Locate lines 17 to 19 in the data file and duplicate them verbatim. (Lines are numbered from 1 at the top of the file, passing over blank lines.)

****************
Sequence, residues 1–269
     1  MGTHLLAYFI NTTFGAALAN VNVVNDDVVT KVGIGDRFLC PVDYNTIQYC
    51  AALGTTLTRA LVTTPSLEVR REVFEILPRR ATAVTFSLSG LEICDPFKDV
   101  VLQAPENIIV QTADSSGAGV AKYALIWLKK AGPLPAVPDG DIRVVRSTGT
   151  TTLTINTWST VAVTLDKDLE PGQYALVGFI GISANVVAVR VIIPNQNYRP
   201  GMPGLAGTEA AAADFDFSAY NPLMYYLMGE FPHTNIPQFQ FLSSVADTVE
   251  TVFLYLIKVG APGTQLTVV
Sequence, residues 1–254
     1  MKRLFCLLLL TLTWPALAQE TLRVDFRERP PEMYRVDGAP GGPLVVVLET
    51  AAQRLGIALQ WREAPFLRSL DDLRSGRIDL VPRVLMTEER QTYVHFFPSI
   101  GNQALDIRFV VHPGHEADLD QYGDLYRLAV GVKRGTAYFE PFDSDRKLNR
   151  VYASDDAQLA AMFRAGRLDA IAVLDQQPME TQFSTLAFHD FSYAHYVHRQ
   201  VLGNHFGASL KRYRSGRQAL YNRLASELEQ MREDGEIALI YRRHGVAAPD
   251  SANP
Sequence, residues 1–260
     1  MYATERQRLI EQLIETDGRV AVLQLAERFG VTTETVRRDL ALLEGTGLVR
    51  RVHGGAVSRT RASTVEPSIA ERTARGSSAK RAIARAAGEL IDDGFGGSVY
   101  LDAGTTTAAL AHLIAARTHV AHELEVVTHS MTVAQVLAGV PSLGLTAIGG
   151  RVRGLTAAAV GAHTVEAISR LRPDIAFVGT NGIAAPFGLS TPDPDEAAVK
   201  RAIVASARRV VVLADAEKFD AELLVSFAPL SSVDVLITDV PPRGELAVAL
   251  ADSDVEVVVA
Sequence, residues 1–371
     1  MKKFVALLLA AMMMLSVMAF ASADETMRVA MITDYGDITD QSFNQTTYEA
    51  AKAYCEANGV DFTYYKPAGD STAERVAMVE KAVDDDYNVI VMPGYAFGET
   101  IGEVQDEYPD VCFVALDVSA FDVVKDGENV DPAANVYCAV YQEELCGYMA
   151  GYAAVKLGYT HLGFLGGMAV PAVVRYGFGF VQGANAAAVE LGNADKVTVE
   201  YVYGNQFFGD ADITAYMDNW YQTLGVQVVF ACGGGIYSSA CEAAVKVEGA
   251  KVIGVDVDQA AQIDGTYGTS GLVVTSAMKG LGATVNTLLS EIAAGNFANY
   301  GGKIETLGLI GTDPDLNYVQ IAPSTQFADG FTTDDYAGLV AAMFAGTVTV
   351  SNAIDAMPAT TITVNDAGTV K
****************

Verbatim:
    51  RVHGGAVSRT RASTVEPSIA ERTARGSSAK RAIARAAGEL IDDGFGGSVY
   101  LDAGTTTAAL AHLIAARTHV AHELEVVTHS MTVAQVLAGV PSLGLTAIGG
   151  RVRGLTAAAV GAHTVEAISR LRPDIAFVGT NGIAAPFGLS TPDPDEAAVK